Stage Ride Through Agua Dulce
Harper’s Weekly | August 28, 1909, pp. 22-23.
The Los Angeles Special got in so late that day that if the driver of the Mojave stage had not, from having once gone to school to me, acquired the habit of minding what I said, I should never have made it. I hailed it from the station, and he swung the four about in the wide street as the wind swept me toward the racked old coach in a blinding whirl of dust.
It wrapped my skirts about the iron gear of the coach as I climbed to the seat beside the driver, and, as we dropped the town behind us, lifted my hat and searched out my hairpins. But it was the desert wind and the smell it carried was the smell of marrow-fat weed and gilias after the sun goes down; so, because I had been very unhappy away from it, and was now drunk with the joy of renewal, and as in my case there would be no time for a toilet proper to the road until we came to the Eighteen-Mile House, I was satisfied merely to cling to the pitching front of the coach and let the wind do what it would. The sky was alight and saffron-tinted, the mountains bloomed with violet shadows; as we came whirling by the point of Dead-Man we saw the wickiups of the Paiutes, and the little hearth fires all a wink among the sage. They had a look of home.
“There’s some,” said the driver to the desert at large, “that thinks Indians ain’t properly folks, but just a kind of cattle;” then, as we jolted forward in a chuck, he swore deeply and brought the team about, putting back my instinctive motion to steady the lurching stage with a gesture so sharp and repellent that I sat up suddenly in offence.
“Don’t you go for to mind me,” he said, only half mindful himself of what he had done, and went on staring after the hearth fires of the Paiutes. By which I knew there was a story there that had something to do with the twilight fires and the homey look of the little huts. Hours later, when we came out on the mesa above Red Rock, white star-froth flecking the black vault over us and the road white between the miles of low black sage before, we had got to this point in it.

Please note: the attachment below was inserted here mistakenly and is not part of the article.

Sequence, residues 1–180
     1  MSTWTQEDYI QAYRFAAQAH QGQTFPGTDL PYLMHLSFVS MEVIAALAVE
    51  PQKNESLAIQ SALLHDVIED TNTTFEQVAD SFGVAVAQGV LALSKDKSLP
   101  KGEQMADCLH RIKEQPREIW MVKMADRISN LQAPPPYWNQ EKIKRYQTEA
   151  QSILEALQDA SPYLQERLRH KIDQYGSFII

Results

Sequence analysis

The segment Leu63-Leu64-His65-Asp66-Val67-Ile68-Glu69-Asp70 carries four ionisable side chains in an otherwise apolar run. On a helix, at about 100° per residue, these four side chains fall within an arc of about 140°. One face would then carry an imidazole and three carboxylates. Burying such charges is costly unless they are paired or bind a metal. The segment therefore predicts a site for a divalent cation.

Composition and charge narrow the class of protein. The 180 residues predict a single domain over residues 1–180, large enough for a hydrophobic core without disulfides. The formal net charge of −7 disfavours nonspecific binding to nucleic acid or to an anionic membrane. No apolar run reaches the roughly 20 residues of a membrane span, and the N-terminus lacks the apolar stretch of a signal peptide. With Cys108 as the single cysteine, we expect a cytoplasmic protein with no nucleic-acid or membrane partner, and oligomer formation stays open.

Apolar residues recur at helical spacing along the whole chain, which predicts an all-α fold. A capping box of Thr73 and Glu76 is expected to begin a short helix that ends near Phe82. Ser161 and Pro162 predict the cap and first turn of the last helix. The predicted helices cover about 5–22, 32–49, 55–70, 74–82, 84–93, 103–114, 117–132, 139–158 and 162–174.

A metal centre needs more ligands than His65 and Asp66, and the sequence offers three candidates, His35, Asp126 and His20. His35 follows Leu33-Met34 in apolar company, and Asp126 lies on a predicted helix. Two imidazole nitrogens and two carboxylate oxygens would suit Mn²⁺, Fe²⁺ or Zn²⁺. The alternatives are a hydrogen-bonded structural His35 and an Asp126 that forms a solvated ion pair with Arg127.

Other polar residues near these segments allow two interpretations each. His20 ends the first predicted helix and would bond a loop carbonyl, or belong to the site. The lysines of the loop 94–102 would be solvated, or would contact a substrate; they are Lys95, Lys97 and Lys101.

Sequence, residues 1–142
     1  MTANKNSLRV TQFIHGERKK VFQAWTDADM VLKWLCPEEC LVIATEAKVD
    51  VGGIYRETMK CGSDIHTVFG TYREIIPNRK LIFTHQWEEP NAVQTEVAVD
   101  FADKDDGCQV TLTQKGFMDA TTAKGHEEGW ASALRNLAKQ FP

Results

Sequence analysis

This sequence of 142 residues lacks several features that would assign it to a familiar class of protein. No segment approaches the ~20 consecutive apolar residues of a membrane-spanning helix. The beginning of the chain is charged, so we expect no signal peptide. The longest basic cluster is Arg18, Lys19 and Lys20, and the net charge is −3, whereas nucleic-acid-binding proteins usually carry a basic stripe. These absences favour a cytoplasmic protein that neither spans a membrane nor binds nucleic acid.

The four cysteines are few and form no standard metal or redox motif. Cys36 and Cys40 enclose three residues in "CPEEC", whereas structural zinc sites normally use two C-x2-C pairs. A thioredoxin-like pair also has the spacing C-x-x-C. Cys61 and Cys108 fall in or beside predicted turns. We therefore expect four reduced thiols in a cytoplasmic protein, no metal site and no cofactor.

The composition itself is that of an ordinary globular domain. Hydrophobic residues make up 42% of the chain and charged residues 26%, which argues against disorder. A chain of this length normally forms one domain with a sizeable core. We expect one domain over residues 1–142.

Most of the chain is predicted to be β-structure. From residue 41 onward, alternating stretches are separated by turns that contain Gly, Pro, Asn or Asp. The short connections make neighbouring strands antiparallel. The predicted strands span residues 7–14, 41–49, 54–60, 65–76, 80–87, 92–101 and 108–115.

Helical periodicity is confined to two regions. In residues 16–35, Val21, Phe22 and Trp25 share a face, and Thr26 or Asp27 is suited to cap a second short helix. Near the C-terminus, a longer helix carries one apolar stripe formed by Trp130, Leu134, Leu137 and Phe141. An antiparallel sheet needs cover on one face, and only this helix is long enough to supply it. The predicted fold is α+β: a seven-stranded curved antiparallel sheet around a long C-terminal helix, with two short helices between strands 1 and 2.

“It was out there,” he said, waving his whip toward the gulf of blackness, “when I was doin’ assessment work for McKenna, nigh to the end of nowhere, I … took up with an Indian woman.” He hurried past this admission with intent to cover it from possible reproach, telling how McKenna had dumped him with three months’ grub by a water-hole called Agua Dulce, distant a mile or two from the claims he was expected to work.
“Because,” he said, “it was cheaper than packin’ water, me bein’ alone, and McKenna, for some reason I never rightly guessed, keen to keep the business on the quiet. McKenna would be visitin’ me once a month or so, and I ‘lowed I wouldn’t be lonesome much,” he laughed, “and I didn’t after I … took up with Catameneda.
“Seems like white women can’t get to understand why a man takes up with a mahala. They think it’s just badness and so they’re down on it … maybe it is with some … but not when they are like … like me … and Catameneda. … There’s something away down in a man that his own womenfolks never understand … an’ you spend all your life trying to keep them from understanding … though when there’s one that does she plays hell with you. … It ain’t badness. … I don’t know rightly what, only it ain’t all bad … but Catameneda … she understood … and I was glad to have her.”
The wind died along the sage and there was no sound under heaven louder than the grind of the wheels and the clink of the harness chains. Presently he returned upon his track to say that he had been a month at Agua Dulce, going and returning from the mines each day to his little camp kit, laid under a square of canvas with stones upon it to keep it from the wind. He had cached the bulk of his supplies behind the spring and congratulated himself on it when at the close of one day he found a camp of Indians at Agua Dulce.